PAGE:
PMQs review: May hoarse, but both leaders have a mare
PUBLISHED: 14:59 13 March 2019 | UPDATED: 14:59 13 March 2019
16 days to go and parliamentarians are still displaying all the urgency of an over-80s rugby match.
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16 days to go. 16. Pretty much the time it would take to watch all five Heimat films until the UK crashes out of the EU with - seemingly - no deal. And yet Parliament, as evidenced by today’s flaccid PMQs session, continues to sail gladly on, like when every four years characters in soap operas weirdly neglect to mention there’s a World Cup on.
Take Mark Pawsey, a plodding Tory backbencher whose pretty much sole contribution to Parliament since taking his seat has been to campaign against any measures to limit the tobacco industry.
He took to his feet today to ask the prime minister if she would “welcome the great work of pro-growth Rugby Borough Council”, a question he had to read, so complex was it. Theresa May responded she was “very happy to commend the work of his local council”. Pawsey has since tweeted he is “very pleased that @theresa_may joined me today in welcoming @rugbybc pro-growth policies”.
16 days! It’s like the band playing on as the Titanic sunk, only if the band were a bunch of feckless chancers with nothing more than combs and paper to play.
But we’re getting ahead of ourselves. The main issue at play at today’s PMQs is that May has a sore throat hindering her voice. International development secretary Penny Mordaunt had “very helpfully offered to teach me sign language”, said May, which pretty much counts as a joke for her.
First up was Tory headbanger John Baron, a hard-Brexit obsessive whose 18 years in Parliament have gone under most people’s radars. He reminded that the UK “profitably trade with the majority of the world’s GDP outside the EU on largely WTO terms” and urged her to pursue a no-deal Brexit.
(NB this is untrue. The UK trades with 24 countries and territories under WTO terms alone. With far more it has trade agreements as part of the EU. But hey-ho. May insisted her deal was a “good deal”).
Then came Jeremy Corbyn, who always sounds disappointed when he is forced to speak on Brexit, like he’s made it to the final round of Pointless only to discover the categories to choose from are Books, Art and Film.
Corbyn asked May to confirm how she would vote on the no-deal Brexit motion, which seeks to rule out leaving without a withdrawal agreement but also notes leaving without a deal remains the default position in UK and EU law.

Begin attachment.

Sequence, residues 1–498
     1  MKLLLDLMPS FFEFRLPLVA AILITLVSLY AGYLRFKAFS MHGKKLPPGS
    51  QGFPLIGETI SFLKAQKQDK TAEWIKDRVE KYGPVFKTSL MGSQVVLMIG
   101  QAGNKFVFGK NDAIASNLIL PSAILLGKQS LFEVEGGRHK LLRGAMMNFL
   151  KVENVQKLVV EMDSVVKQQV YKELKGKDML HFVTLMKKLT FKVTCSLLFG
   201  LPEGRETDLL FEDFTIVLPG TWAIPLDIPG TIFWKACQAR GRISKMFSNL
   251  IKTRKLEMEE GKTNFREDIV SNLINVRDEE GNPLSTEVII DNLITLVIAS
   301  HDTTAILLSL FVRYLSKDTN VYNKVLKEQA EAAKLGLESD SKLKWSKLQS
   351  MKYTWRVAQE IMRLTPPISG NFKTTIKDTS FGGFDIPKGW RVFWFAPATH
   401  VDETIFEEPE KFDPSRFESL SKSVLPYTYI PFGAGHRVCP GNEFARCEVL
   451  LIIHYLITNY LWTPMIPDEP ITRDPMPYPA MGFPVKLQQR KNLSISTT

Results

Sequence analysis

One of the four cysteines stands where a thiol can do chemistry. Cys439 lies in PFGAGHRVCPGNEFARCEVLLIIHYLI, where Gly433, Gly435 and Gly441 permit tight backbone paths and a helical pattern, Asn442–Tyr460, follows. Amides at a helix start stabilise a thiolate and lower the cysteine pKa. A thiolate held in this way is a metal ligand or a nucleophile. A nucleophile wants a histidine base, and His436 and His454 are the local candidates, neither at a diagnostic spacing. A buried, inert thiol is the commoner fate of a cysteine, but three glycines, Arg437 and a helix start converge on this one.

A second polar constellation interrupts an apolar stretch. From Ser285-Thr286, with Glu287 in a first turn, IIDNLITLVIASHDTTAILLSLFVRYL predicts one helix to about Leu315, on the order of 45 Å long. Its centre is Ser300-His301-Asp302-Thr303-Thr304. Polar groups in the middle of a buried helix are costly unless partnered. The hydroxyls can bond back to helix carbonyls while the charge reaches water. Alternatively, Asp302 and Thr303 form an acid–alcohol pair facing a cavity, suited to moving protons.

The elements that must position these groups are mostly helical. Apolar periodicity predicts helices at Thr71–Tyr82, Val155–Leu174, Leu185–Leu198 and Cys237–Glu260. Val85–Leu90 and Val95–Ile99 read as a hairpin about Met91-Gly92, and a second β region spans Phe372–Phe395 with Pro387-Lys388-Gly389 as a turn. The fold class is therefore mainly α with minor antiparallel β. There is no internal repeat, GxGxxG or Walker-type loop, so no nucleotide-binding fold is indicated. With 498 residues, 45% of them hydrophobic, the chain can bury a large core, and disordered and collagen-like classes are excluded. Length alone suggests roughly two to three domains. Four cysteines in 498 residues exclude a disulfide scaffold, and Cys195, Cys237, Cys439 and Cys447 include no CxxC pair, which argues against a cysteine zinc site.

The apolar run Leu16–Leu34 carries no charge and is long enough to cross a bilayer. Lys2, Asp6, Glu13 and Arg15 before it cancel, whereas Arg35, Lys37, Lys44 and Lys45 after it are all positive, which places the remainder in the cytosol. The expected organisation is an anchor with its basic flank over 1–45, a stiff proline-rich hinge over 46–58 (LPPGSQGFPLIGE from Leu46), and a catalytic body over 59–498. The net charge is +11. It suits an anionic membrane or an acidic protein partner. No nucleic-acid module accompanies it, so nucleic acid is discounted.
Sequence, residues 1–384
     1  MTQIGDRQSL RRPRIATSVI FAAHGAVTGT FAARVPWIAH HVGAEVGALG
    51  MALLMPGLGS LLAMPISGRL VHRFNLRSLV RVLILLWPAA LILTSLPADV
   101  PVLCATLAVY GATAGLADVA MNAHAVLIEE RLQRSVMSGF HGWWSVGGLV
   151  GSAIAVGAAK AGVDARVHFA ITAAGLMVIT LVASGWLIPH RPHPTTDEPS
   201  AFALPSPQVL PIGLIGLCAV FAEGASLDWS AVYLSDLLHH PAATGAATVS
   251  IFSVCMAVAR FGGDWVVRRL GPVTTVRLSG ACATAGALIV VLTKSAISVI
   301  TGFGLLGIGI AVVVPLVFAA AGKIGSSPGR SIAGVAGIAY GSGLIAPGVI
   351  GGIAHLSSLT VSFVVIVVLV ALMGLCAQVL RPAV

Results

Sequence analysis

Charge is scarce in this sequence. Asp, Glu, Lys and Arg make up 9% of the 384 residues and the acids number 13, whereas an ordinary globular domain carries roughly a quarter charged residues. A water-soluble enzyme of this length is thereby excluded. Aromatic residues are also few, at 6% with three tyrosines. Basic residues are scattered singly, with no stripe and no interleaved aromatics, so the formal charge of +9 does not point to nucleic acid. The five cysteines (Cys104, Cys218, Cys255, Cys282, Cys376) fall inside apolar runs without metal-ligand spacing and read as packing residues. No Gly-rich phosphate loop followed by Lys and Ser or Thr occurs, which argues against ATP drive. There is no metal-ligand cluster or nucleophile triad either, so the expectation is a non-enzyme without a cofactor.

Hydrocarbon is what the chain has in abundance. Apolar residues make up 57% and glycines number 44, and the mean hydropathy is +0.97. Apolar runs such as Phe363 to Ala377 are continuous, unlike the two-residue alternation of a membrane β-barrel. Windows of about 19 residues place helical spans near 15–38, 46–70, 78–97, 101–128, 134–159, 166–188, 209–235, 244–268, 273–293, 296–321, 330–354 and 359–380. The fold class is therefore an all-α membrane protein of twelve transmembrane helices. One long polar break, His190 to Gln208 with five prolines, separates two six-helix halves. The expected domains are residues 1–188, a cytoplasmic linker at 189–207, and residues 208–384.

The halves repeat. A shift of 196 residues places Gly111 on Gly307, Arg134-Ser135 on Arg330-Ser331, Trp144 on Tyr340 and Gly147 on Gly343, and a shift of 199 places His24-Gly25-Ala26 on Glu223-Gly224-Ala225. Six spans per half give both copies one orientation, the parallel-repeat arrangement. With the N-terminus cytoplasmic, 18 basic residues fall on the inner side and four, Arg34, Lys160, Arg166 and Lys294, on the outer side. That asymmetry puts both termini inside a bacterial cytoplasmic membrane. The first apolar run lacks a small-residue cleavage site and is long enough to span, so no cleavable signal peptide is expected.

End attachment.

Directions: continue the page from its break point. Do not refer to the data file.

The PM, perhaps happy to have to limit her words, replied: “I will be voting for the motion in my name.”
Corbyn countered by saying her Brexit strategy was “in tatters” and her deal was “dead”, before criticising May for having “refused to listen”. The tin-eared castigating the tin-eared.
He added: “When will she listen to those workers who are concerned about their jobs, those businesses concerned about their future and accept the case that there has to be a negotiated customs union with the EU?”
He claimed the Labour alternative was the “credible show in town” which was ready to be negotiated.
But May said Corbyn repeatedly voted in a way that “brings no-deal closer”, before adding: “I may not have my own voice but I do understand the voice of the country.” That, presumably, was the line her aides want to be the clip the News at 10. Like Iain Duncan Smith’s “do not underestimate the determination of a quiet man,” which propelled him into Downing Street for a decade.
“I do have sympathy with the prime minister on her voice and I hope it soon recovers,” said Corbyn. “I understand how painful this is.” Oh, you have no idea how painful this is.
Elsewhere Peter Bone - the weirdo Brexiteer who used to namecheck his wife every time he spoke in the Commons until he demonstrated his commitment to Leave in every form and, er, left her - popped up to ask if May would back the Malthouse amendment, a nonsensical unicorn which aims for the UK to leave the EU without a deal while simultaneously having a transition period.
May looked pain. The plan was unworkable, she explained as if teaching a particularly slow child how to tie their shoelaces. as any transition period would require a deal with the EU.
Anyway, 16 days, people. 16 days.
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